But you don’t even have to create chaos—just wake up, and you will see that chaos awaits you in your inbox, home, and work. Rather than react to all of this by organizing your day immediately, let it be as it is for 30 minutes. Then, sit back, and ask yourself, “What is the opportunity here?” You will likely be able to prioritize the most important tasks, delay the others, and even ignore the tasks that have no relevance to your life. When you do, you will see that you’ve already started to be creative.

Surrender to Inspiration: When you’re inspired, you feel lucky. But inspiration doesn’t have to arrive by chance. You can actually create moments of inspiration if you build time into your day. And inspiration has a three-part architecture that you can construct.

It starts with an aesthetic appreciation of something. This is followed by mind-wandering, and finally, an act. To begin, find something online that you strikes you as beautiful. Look at it awhile until it gets your appreciation juices flowing. Thereafter, set aside 15-30 minutes to let your mind wander (Do you wish you had it?—Is there a way to get it? Is it just enough that you can see it?) Then, see what you feel motivated to do (Do you want to write a poem about it—Perhaps, print it out and add it to a journal without reason?) At the end of the week, you can contemplate where your unconscious mind may have been.

This kind of action usually reveals something previously unknown about yourself, but it is interesting to ask, “Why did I choose these seven images at the end of the week? What do they say about me?”

Practice abstraction: People, activities are in your life, tasks you have to complete, all lend themselves to being symbols. They could be “+” or “-“, or “LF” (life promoting) or LD (life draining). Or they could represent fountains (F) or drains (D), allowing you to more succinctly categorize them as useful or useless.

Look at your schedule today. Which ones are “F” and which ones are “D?. Perhaps you have some which are FD? This will allow you to ask, “How do I build more “F” into my life?” You’ve symbolized your life, and activated your creative brain.

These methods, although seemingly elusive, are quite do-able. They require blocking off a period of time each day to do each of them. When you do, they will jumpstart your creative brain. Then you will see  that creativity was always at your fingertips—you just had to unfocus enough to see it.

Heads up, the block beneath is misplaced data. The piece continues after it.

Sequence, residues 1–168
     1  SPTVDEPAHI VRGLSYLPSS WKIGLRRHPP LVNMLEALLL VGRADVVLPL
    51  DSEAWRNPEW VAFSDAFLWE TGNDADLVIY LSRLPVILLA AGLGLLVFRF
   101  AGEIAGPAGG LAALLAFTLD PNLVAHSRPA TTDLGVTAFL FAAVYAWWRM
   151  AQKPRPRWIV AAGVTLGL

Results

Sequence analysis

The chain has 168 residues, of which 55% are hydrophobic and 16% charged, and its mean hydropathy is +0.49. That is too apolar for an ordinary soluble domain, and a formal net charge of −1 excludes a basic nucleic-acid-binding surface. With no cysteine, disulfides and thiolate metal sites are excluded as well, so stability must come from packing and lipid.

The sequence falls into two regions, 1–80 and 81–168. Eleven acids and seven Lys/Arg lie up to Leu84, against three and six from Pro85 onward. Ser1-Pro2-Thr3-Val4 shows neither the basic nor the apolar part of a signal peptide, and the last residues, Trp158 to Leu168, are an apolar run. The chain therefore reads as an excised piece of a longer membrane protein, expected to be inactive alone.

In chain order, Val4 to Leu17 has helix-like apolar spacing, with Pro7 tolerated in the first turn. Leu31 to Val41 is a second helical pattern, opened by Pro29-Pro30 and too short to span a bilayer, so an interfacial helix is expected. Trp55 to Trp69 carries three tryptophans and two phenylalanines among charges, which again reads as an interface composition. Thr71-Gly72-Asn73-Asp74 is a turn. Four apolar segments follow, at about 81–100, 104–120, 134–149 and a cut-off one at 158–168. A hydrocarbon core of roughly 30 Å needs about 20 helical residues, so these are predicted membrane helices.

If you are interested in more ways to be creative, get a copy of “Tinker, Dabble, Doodle, Try: Unlock the Power of the Unfocused Mind” (Ballantine Books, 2017). It was voted one of Coastal Living’s Best Books for the beach this summer. 

7 Listening Strategies for Better Business

WE’VE ALL HEARD THE EXPRESSION ‘KNOWLEDGE IS POWER’, BUT CONSIDER THE MAXIM ‘LISTENING IS POWER’ – THERE IS NO KNOWLEDGE WITHOUT LISTENING.

“Listen more than you talk. Nobody learned anything by hearing themselves speak.” Richard Branson.

WE’VE ALL HEARD THE EXPRESSION ‘KNOWLEDGE IS POWER’, BUT CONSIDER THE MAXIM ‘LISTENING IS POWER’ – THERE IS NO KNOWLEDGE WITHOUT LISTENING.

Thanks to ilume who I trained with last year, and Tim Parkman for this free guide to excellent listening skills, the foundation to business growth and success.  

Listening is how we acquire the facts that lead to good decisions. It can also build trust, reduce conflict and improve morale. If you introduce strategies to make your people better listeners, better business can only follow. At Ilume we know a lot about listening. It’s something we practice to the highest level each day. Drawing from our knowledge and experience, as well as recent research and insights from listening experts, we’ve assembled seven powerful pointers on listening.

1. RECOGNISE WHAT LEVEL OF LISTENING YOU ARE AT 

Here at ilume we recognise that there are 4 stages of listening:
HEARING This is the most superficial listening level, and it’s not really listening at all. Hearing registers the sound waves of the other person’s voice, but nothing’s getting through to you. You can hear someone talk and be thinking of something else, or even doing something else. When sitting at the breakfast table reading the paper you might hear the “chatter” around you but not really take it in. Think of the conversations you zone out of, and then a question is asked and you are trying to madly jump back in.

SELECTIVE LISTENING You’re listening with a story in mind – ‘what does this mean to me?”. When you listen to someone at this level, you’re trying to link their experiences to your own. What they say will trigger your memories. This level of listening is often employed in day-to-day conversations, particularly when stories are shared back and forth.